While excavating the ruins of the ancient city of Babylon, in present-day Iraq, archaeologists uncovered some 300 cuneiform tablets near the Ishtar Gate. Relating to the period of the reign of Babylonian King Nebuchadnezzar, the inscriptions include a list of names, among which is “Yaukin, king of the land of Yahud.” This refers to King Jehoiachin of the land of Judah, who was taken captive to Babylon at the time of Nebuchadnezzar’s first conquest of Jerusalem, in 617 B.C.E. (2 Kings 24:11-15) Five of Jehoiachin’s sons are also mentioned on the tablets.​—1 Chronicles 3:17, 18.

In the year 2005, while digging at a site where they hoped to find the palace of King David, archaeologists came upon an extensive stone structure that they believe was destroyed when the Babylonians razed Jerusalem just over 2,600 years ago, during the time of God’s prophet Jeremiah. Whether the structure is the remains of David’s palace is uncertain. However, archaeologist Eilat Mazar did identify one particularly interesting object​—a 0.4-inch-wide [1 cm] clay seal impression [5] that reads: “Belonging to Yehuchal son of Shelemiyahu son of Shovi.” This impression was evidently made with the seal of Yehuchal (also Jehucal or Jucal), a Jewish official mentioned in the Bible as having opposed Jeremiah.​—Jeremiah 37:3; 38:1-6.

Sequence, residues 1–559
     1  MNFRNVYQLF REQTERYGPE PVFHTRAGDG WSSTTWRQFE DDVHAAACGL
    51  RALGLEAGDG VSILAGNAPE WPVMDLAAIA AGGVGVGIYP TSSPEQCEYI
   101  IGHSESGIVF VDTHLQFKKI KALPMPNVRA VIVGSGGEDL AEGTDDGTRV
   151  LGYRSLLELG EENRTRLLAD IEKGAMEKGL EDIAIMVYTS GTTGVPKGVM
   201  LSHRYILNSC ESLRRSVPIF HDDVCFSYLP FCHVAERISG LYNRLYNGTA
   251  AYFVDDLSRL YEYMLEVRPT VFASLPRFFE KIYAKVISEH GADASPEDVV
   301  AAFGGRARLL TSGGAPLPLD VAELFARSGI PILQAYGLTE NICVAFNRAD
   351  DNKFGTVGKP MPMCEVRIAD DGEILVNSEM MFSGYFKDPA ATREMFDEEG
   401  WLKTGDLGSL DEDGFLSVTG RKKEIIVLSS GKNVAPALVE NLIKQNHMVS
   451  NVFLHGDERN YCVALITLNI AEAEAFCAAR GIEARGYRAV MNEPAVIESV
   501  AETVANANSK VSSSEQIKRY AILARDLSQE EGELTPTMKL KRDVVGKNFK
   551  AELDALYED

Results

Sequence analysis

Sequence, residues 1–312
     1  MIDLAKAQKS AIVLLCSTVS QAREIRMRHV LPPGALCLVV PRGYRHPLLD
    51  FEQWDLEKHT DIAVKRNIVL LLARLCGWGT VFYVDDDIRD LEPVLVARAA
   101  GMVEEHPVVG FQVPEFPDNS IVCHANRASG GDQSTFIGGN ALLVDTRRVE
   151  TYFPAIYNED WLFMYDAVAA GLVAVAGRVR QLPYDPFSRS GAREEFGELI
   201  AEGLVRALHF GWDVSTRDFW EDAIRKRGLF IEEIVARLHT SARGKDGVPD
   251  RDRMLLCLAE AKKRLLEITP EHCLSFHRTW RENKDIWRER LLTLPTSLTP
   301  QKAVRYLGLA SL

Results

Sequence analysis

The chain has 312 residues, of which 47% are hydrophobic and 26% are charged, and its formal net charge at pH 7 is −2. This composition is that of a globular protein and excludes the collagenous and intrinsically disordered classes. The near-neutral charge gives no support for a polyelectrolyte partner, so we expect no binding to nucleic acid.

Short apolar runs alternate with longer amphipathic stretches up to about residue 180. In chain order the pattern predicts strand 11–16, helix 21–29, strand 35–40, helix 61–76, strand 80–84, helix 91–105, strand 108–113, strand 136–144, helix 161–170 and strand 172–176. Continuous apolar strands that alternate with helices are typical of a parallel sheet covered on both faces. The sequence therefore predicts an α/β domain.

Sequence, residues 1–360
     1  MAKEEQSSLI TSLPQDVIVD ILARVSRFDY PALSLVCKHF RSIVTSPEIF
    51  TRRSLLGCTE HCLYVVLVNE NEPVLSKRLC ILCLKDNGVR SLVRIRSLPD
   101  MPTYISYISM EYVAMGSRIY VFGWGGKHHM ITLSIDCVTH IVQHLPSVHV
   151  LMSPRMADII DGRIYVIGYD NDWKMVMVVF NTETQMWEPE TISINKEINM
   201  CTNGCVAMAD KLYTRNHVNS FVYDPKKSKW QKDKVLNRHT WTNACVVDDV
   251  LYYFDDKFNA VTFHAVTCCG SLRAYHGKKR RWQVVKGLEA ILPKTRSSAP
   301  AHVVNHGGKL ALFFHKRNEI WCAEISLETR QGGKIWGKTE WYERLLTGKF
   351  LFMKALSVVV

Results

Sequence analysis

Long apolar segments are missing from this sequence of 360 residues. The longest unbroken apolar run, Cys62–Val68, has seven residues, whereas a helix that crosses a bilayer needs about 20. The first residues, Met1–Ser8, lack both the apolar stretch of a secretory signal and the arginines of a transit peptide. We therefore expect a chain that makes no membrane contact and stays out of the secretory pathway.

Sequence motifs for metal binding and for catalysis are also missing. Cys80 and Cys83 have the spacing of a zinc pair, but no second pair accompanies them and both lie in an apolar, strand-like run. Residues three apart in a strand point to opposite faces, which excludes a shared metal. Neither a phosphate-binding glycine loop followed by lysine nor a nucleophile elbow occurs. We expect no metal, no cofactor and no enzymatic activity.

Jehucal, says Mazar, is only the “second royal minister,” after Gemariah, the son of Shaphan, whose name appears on a seal impression found in the City of David. The Bible identifies Jehucal, the son of Shelemiah (Shelemiyahu), as a prince of Judah. Prior to the discovery of the seal, he was unknown outside the Scriptures.

Could They Read and Write?

The Bible indicates that the ancient Israelites were a literate people. (Numbers 5:23; Joshua 24:26; Isaiah 10:19) But critics disagreed, arguing that Bible history was largely transmitted by unreliable oral tradition. In 2005 this theory suffered a blow when archaeologists working at Tel Zayit, midway between Jerusalem and the Mediterranean, found an archaic alphabet, perhaps the oldest Hebrew alphabet [6] ever discovered, incised on a piece of limestone.

Dated to the tenth century B.C.E., the find, say some scholars, suggests “formal scribal training,” a “sophisticated level of culture,” and “a rapidly developing Israelite bureaucracy in Jerusalem.” So, contrary to the critics’ claims, it appears that at least as early as the tenth century B.C.E., the Israelites were literate and would have been able to record their history.

Assyrian Records Lend Further Support

Once a mighty empire, Assyria often appears in the Bible record, and many archaeological finds there attest to the accuracy of the Scriptures. For instance, an excavation at the site of ancient Nineveh, Assyria’s capital, revealed a sculptured slab [7] in the palace of King Sennacherib, which depicts Assyrian soldiers leading Jewish captives into exile after the fall of Lachish in 732 B.C.E. You can read the Bible’s account at 2 Kings 18:13-15.

The annals of Sennacherib [8], found at Nineveh, describe his military campaign during the reign of Judean King Hezekiah, whom the annals mention by name. Cuneiform records of various other rulers refer to Judean Kings Ahaz and Manasseh, as well as Israelite Kings Omri, Jehu, Jehoash, Menahem, and Hoshea.